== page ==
FRANKFURT (Reuters) – Deutsche Bank (DBKGn.DE) is creating a new technology division in a strategy shift designed to reduce complexity and lower costs while transforming systems that have held back the bank for years.
FILE PHOTO: The logo of Deutsche Bank is pictured in London, Britain July 8, 2019. REUTERS/Simon Dawson/File Photo
The German lender’s legacy IT systems have been blamed in part for the bank’s failure to control costs and for its slow progress in keeping up with the wave of fintech innovation across the industry.
Technology has long been a problem for Deutsche Bank. Former Chief Executive John Cryan complained in 2015 about “lousy systems” and “very slow processes”, and former operations chief Kim Hammonds last year described Deutsche as “vastly complex” and the “most dysfunctional” workplace she has known.
The central technology division announced on Wednesday will be led by Bernd Leukert, overseeing tech security, data and innovation functions among others, the bank said in a note to employees seen by Reuters.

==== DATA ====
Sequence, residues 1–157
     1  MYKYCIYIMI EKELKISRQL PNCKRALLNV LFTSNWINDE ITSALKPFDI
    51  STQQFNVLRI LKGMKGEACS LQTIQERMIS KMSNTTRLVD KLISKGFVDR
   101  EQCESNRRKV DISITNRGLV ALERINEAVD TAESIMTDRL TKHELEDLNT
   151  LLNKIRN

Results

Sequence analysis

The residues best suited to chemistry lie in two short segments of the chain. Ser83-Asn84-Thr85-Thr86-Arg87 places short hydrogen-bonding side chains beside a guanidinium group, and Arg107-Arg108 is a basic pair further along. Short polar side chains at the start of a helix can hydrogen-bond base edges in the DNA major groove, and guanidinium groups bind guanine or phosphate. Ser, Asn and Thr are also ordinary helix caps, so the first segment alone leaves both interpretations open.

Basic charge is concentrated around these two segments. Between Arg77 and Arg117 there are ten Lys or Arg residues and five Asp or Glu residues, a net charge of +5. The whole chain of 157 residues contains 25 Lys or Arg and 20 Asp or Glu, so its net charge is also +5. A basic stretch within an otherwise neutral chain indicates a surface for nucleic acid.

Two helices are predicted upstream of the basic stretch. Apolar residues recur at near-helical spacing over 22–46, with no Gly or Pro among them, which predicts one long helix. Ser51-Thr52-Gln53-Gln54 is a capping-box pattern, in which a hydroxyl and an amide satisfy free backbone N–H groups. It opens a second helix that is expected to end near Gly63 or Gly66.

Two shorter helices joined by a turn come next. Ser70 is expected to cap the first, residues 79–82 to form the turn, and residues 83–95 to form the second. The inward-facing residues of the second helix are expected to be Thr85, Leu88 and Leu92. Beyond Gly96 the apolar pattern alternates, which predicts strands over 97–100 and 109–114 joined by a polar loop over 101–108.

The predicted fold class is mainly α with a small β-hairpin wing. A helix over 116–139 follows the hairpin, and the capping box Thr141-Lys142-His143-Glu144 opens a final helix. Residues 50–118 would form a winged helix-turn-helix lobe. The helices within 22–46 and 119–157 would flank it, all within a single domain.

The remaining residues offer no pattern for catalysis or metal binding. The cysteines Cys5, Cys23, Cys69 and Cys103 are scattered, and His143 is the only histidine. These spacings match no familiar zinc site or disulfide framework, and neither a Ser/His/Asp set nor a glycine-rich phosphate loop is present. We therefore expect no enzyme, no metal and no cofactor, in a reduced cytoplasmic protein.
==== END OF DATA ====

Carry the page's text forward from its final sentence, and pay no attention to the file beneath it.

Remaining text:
“At its heart, our technology strategy empowers our businesses to control ‘what’ is produced, while technology has control of the ‘how’. In the past, the ‘how’ offered too much optionality and did not consistently follow group-wide architecture and tooling,” it said.
The lender also established a board-level Technology, Data and Innovation Committee in May and has vowed to invest 13 billion euros ($14.2 billion) in technology by 2022.
It will be doing so amid a technology arms race in banking. Research from UBS this year found that JPMorgan (JPM.N) has budgeted $11.4 billion for technology in 2019 alone.
In its note to staff, Deutsche Bank also said that moving systems to the cloud would not happen overnight, meaning it would continue to invest in legacy infrastructure on which it operates today.
However, it pledged to continue to reduce the number of applications and barriers to technology functions.
“We have a bank-wide commitment to strengthen engineering expertise in the bank by increasing the share of expert internal technology staff,” it said.
Reporting by Patricia Uhlig; Writing by Arno Schuetze; Editing by David Goodman